Routines are good for productivity and healthy living

routines are good

Routines are good for productivity and healthy living

Some weeks, I wake up Monday morning, blink, and all of a sudden, it’s Friday night. You probably know all too well this express-lane life. It moves so fast, no matter how much you want to linger, enjoy, and make memories. There’s a scientific reason for this: Our brains don’t bother noticing our routines much. But our minds pay extra attention to new things; more memories pile up, making time feel longer. (That’s why it seems to slow during death defying events—your brain adds extra info to your memory bank, so you think more time has elapsed.)

Wiggle around your week.

My work tasks are pretty standard from week to week, but I always try to schedule one or two things that are a little out of the ordinary, whether it’s giving a new talk or meeting a friend I haven’t seen in awhile. Even reading something different can change things up. Recently, I’ve been carving out time at lunch every few days to read The Week, because it offers more than one side of every story.

Make bigger small talk

At one point in my career, many of my patients were World War II veterans. Beyond discussing their health, some wanted to touch on their military memories, their buddies, or what it was like to go to war. I learned so much, and I’m sure it helped me be a better, more empathetic doctor to them. I think a lot of that was because directly hearing about soldiers’ experiences was new to me. I urge you to get your eyeballs off your phone when you’re in line at the supermarket or coffee shop.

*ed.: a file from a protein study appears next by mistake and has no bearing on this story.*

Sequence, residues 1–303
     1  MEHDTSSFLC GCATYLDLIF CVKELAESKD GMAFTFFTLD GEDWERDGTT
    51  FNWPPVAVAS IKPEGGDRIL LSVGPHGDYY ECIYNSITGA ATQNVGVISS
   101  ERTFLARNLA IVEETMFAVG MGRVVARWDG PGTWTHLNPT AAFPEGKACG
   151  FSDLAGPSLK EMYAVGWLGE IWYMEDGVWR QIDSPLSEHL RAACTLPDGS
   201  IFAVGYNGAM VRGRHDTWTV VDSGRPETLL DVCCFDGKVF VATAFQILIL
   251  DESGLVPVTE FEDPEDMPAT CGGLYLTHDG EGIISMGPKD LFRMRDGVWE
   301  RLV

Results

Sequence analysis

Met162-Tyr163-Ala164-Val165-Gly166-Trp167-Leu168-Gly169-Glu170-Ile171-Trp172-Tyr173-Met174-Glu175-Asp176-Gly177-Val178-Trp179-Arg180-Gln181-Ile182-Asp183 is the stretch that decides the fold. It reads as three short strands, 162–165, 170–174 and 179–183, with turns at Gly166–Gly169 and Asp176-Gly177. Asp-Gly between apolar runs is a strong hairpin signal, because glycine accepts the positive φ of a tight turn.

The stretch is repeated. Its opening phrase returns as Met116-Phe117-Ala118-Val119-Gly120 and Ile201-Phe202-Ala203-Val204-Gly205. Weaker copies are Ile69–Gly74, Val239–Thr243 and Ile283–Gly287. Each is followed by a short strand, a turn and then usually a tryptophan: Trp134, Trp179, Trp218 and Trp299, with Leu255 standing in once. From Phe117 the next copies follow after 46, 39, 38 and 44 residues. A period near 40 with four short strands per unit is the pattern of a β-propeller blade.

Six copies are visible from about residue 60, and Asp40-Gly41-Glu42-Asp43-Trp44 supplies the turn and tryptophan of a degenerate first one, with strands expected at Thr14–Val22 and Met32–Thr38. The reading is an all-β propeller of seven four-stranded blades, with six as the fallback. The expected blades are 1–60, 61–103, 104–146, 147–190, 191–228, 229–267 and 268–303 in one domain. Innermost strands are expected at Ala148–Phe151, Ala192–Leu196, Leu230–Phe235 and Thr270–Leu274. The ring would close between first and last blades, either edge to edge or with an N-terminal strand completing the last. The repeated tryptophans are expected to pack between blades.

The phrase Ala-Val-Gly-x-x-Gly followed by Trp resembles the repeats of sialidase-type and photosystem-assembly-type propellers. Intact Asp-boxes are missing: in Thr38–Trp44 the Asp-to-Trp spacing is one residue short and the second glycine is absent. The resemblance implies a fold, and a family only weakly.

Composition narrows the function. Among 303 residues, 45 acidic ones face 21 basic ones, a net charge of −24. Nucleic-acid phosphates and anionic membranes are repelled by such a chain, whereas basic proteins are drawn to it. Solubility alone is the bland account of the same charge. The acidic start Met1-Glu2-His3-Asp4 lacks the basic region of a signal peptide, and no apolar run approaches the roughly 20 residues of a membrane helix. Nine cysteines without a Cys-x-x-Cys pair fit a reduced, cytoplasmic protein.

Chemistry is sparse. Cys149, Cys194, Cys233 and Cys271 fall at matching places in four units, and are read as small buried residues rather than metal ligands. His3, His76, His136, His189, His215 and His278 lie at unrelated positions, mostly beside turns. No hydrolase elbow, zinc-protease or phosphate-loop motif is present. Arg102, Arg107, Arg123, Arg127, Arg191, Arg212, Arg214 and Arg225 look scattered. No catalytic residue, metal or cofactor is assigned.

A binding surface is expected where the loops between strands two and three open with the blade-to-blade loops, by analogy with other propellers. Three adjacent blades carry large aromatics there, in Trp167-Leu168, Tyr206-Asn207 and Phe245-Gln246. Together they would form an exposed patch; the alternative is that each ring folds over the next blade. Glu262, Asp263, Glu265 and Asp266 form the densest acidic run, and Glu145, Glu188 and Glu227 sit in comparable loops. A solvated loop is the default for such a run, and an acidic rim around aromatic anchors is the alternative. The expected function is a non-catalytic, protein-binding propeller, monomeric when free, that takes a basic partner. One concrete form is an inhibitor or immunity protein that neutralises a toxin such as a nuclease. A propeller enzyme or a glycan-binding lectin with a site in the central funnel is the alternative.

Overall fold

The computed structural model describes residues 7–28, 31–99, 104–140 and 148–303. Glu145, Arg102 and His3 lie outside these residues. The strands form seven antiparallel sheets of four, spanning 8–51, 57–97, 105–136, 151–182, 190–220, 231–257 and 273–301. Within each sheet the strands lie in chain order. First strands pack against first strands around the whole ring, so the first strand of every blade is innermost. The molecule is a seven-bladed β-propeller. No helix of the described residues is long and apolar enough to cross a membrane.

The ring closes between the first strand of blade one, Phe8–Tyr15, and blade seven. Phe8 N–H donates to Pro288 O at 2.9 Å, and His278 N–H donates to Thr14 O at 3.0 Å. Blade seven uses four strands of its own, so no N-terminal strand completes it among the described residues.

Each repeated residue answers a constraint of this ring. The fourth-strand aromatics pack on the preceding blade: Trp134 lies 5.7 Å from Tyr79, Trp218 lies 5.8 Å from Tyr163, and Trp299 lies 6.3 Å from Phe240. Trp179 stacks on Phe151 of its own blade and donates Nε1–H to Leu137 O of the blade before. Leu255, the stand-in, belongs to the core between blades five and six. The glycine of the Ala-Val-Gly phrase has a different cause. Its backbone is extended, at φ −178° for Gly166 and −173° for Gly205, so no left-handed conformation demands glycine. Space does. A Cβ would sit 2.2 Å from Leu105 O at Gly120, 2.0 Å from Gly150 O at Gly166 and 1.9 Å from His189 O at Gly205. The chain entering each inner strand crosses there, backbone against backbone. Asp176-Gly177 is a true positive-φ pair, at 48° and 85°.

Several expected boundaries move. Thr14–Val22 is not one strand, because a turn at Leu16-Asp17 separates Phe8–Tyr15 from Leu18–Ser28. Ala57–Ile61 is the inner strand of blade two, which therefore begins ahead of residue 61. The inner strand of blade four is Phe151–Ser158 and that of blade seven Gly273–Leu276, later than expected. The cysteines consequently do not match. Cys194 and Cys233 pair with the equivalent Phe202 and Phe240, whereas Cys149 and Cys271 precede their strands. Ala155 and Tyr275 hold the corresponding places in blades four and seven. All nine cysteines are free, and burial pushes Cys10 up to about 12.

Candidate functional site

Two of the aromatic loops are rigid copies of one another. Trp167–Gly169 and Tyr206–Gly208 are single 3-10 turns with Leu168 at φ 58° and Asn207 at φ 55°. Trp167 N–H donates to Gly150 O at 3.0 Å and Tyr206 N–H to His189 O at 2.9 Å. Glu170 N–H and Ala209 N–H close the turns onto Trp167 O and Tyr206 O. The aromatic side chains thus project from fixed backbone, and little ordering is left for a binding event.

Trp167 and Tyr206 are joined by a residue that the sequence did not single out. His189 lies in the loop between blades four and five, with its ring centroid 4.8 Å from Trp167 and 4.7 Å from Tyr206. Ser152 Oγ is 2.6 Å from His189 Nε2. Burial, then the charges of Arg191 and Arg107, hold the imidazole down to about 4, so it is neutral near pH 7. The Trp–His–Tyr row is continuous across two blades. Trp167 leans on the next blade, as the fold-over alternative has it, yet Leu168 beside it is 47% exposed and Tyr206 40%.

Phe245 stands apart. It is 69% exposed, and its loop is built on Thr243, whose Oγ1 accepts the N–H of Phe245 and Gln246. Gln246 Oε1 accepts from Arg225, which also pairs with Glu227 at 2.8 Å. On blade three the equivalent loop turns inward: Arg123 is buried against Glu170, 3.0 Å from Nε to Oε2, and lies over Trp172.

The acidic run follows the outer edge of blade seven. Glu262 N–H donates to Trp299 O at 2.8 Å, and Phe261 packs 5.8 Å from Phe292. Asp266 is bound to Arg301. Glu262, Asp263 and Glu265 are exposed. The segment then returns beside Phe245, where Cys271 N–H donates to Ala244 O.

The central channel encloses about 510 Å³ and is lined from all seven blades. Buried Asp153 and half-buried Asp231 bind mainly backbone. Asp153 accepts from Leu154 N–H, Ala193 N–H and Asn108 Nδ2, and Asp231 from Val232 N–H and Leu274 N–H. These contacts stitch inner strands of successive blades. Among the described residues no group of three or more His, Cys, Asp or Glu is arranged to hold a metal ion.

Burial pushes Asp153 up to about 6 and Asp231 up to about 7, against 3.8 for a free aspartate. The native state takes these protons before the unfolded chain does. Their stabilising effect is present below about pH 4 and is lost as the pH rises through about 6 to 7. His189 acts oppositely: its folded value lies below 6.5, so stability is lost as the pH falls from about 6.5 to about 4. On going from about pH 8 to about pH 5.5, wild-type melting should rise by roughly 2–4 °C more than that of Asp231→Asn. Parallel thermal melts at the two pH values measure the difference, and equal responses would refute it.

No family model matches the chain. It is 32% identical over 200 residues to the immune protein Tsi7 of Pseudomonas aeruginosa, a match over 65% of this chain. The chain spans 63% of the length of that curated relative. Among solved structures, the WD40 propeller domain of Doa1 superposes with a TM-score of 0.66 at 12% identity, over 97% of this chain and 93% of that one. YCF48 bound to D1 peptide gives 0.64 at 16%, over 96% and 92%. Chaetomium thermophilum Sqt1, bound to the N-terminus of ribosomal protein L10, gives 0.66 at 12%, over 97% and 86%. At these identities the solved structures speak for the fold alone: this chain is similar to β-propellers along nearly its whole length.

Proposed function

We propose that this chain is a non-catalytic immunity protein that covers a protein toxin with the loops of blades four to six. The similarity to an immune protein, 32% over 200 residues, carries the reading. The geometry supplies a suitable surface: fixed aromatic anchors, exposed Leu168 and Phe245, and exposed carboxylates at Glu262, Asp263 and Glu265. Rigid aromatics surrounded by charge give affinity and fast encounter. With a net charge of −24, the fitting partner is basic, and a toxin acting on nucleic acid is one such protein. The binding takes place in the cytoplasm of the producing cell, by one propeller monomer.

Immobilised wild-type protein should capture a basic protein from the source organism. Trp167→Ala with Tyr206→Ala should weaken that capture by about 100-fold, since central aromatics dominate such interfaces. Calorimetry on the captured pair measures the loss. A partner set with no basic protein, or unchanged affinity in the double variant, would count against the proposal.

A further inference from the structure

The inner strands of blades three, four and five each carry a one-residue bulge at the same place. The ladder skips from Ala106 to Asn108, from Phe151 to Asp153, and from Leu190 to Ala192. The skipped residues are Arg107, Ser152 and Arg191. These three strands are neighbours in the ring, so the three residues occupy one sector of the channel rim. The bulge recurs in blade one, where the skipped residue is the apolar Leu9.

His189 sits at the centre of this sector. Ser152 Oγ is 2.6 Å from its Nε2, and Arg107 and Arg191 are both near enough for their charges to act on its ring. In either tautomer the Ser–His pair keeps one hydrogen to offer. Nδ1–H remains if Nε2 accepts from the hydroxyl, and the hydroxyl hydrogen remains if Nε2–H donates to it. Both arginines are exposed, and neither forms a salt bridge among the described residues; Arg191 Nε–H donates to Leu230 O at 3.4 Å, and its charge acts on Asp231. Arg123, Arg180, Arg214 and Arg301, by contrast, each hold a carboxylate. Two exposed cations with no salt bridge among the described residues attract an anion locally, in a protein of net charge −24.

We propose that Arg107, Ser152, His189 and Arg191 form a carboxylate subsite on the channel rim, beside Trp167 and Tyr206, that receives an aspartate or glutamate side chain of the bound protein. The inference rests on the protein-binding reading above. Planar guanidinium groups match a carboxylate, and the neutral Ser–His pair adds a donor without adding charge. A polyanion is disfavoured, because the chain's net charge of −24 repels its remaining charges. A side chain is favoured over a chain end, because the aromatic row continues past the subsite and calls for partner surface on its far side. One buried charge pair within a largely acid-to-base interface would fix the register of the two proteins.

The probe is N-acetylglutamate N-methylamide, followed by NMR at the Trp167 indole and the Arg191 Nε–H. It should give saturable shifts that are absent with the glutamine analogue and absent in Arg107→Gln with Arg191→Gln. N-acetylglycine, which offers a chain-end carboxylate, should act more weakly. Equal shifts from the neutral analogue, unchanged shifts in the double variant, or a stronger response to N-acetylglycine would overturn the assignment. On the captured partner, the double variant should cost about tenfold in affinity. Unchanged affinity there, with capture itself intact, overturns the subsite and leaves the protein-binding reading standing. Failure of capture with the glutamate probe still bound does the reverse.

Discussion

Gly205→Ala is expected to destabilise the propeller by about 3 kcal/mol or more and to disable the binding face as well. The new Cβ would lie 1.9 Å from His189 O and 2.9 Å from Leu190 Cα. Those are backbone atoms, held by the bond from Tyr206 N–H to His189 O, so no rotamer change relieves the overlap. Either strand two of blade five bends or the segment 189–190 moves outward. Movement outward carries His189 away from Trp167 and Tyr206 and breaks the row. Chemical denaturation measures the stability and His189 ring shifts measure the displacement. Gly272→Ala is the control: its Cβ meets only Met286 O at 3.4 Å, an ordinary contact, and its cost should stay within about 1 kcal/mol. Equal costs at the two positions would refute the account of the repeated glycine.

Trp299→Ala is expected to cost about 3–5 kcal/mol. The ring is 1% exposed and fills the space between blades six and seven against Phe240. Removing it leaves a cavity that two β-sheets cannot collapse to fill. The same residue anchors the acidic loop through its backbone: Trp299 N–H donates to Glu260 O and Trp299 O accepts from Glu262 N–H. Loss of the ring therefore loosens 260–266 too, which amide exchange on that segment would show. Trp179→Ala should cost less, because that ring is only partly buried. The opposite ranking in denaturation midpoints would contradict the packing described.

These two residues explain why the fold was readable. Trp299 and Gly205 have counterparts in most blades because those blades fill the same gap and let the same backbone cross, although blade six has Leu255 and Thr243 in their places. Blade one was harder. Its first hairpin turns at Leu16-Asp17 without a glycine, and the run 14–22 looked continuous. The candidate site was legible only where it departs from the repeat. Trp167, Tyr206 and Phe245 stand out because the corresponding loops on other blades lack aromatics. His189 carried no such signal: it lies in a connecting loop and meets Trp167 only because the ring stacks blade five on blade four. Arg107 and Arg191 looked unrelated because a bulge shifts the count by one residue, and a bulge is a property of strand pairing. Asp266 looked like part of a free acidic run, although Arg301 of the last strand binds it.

Talk, connect, be curious about other people. These may not be the most monumental of moments, but they can be meaningful ones.

Enlist a sidekick.

If you’ve been wanting to study a new skill—painting, healthy cooking, learning Italian, or whatever— don’t put it off because you’re unsure of your abilities or where to start. Get over the hump by talking to someone who does what you’re dreaming of. Then grab a pal/neighbour/sister and make a pact to go in tandem.

Your insecurity will morph into excitement. There’s a rhythm to life that comes from routine, and that habitual heartbeat helps power you forward. But doing new things comes with an amazing, slow-the-clock-down gift. I don’t just want to go racing through life. I want to taste every drop of it. This year, I hope you’ll commit to doing the same by taking a delicious sip of the unknown.

Source :Dr.Oz 

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